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Visitors to Selma are big business

Spectators wait for a the beginning of a hurdles event during the Alabama High School Athletic ASsociation Class 1A-3A State Track Meet at Memorial Stadium this past May. The event brought thousands of visitos to Selma, providing a positive economic impact for local hotels and restaurants.

With the Alabama High School Athletic Association state track meet in early May, and now with a Cabela’s King Kat Tournament coming to town on June 23, the city of Selma is making a habit of hosting big events, and it’s hoping to keep it that way.

After meeting with local business owners recently, city officials are continuing to look at ways it can host big events, and after hosting the AHSAA Class 1A-3A state track and field meet at Memorial Stadium during the first weekend of May, it seems to have found another mainstay.

Elton Reece, director of the Selma Parks and Recreation Department, said the city hosted the event for the first time since 1991 after having hosted it since 1972, and despite a lot of work, it turned out to be a positive for the community.

“That was a lot of work, it’s changed so much because the Alabama High School Athletic Association has 192 schools in each three classification … and out of 192, we had 155 in Selma for that weekend,” Reece said. “We host it, they come, you have to work out the kinks the first year, and we actually were graded by the Alabama High School Athletic Association.”

The AHSAA came back to Selma after talking to coaches that participated for feedback and then had a meeting with city officials.

Reece said the AHSAA gave Selma around a B-plus grade, which turned out to be a higher rating than Gulf Shores, which hosted the Class 4A-6A meet this year.

The influx of thousands to Selma during the track meet turned out to be big for local businesses, and the city recently held a meeting in order to make sure those businesses are better prepared for future events.

“Some of the motels overbooked … some of the eating establishments even ran out of food,” Reece said. “So, the chamber of commerce and the mayor’s office, we met last week with the restaurant owners and the motel owners to let them know and give them an update of what things are coming up in the next year, so they will be prepared for that.”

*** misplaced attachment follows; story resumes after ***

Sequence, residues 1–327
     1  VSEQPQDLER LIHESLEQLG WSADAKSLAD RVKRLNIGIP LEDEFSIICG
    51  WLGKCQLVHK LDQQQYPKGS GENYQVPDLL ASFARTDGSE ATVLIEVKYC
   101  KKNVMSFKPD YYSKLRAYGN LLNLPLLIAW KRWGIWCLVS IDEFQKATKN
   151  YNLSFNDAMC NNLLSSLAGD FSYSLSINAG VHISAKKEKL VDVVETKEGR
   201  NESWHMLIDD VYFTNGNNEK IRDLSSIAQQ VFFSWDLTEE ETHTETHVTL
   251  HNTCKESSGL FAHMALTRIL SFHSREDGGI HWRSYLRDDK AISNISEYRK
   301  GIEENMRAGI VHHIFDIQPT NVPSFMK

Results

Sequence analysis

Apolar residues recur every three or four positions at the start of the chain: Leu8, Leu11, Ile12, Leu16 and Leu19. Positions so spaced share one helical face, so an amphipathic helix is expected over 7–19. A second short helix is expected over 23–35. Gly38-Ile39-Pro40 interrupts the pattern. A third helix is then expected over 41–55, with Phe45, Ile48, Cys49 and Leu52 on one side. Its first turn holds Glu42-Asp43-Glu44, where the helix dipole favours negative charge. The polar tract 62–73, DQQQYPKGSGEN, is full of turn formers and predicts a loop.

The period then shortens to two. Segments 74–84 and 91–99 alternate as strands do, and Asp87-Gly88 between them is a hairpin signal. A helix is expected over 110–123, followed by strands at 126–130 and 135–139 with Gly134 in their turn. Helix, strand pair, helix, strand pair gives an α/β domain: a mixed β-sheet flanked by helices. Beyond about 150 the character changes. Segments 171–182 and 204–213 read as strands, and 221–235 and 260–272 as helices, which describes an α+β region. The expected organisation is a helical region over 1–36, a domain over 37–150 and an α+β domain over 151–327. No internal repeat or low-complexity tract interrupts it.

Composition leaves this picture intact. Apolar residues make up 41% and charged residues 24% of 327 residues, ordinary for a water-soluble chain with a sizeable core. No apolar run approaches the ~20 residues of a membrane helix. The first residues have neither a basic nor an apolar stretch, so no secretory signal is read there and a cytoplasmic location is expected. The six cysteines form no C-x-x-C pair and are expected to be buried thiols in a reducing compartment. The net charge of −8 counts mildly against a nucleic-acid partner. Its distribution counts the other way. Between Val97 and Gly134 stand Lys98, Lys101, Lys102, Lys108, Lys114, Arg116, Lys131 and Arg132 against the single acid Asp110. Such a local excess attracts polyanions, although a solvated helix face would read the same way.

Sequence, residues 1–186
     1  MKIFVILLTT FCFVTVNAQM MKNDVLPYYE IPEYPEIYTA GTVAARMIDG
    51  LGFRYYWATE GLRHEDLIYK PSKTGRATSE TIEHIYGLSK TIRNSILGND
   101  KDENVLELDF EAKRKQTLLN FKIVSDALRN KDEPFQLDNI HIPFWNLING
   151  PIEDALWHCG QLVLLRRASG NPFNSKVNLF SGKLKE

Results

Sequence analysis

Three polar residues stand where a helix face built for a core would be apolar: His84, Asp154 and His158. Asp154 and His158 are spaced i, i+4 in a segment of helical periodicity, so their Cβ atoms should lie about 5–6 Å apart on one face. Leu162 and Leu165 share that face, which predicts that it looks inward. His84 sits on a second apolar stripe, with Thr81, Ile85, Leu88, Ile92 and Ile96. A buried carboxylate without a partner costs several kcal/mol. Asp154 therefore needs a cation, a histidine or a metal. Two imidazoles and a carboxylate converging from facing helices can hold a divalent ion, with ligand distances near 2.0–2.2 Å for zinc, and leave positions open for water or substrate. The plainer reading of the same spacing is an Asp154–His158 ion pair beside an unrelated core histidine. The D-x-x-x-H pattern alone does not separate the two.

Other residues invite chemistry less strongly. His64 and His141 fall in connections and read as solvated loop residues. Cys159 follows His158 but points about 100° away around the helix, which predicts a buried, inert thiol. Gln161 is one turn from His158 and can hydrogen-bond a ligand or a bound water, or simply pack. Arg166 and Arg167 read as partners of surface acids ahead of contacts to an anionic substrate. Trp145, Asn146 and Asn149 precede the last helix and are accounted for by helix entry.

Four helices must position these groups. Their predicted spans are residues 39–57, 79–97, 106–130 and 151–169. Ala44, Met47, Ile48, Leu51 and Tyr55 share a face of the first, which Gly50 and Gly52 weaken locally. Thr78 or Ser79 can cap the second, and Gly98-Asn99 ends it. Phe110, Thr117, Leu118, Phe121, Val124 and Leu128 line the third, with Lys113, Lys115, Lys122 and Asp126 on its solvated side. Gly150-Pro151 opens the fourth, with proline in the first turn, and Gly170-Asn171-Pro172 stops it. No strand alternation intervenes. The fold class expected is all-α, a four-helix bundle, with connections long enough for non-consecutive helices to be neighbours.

Sheryl Smedley, executive director of the Selma-Dallas County Chamber of Commerce, said events like the track meet and the upcoming Cabela’s tournament are good for the community and the local economy.

“The impact of bringing these events to our community is for the benefit of the commerce that we have in our community because this money does not go to the hands of the city, or the county, or the chamber of commerce,” Smedley said. “It’s going to the business owners. That’s what we’re all about, promoting business and commerce in our community. The city and county only get a portion of the tax, the rest of it has all been to the benefit of the business owners and the local economy. All the hotels were booked, all the restaurants were full.”

Smedley said the meets are scheduled to be in Selma for at least the next two years, while Reece said the event had the added benefit of helping out local schools.

“It had like three-quarters of a million dollar impact on the city of Selma and Dallas County that weekend,” Reece said. “The mayor was happy, I was happy, and they (AHSAA) were extremely happy. We turned in to them $27,600. They get the gate, and we get the residuals off of that. The concession stands, we gave that to Selma High School. They were able to make that money for them, and the parking went to Selma High and Concordia ROTC programs.

“Not only did it help the citizens, and the businesses, and the eating establishments, it helped some of the local schools to raise money.”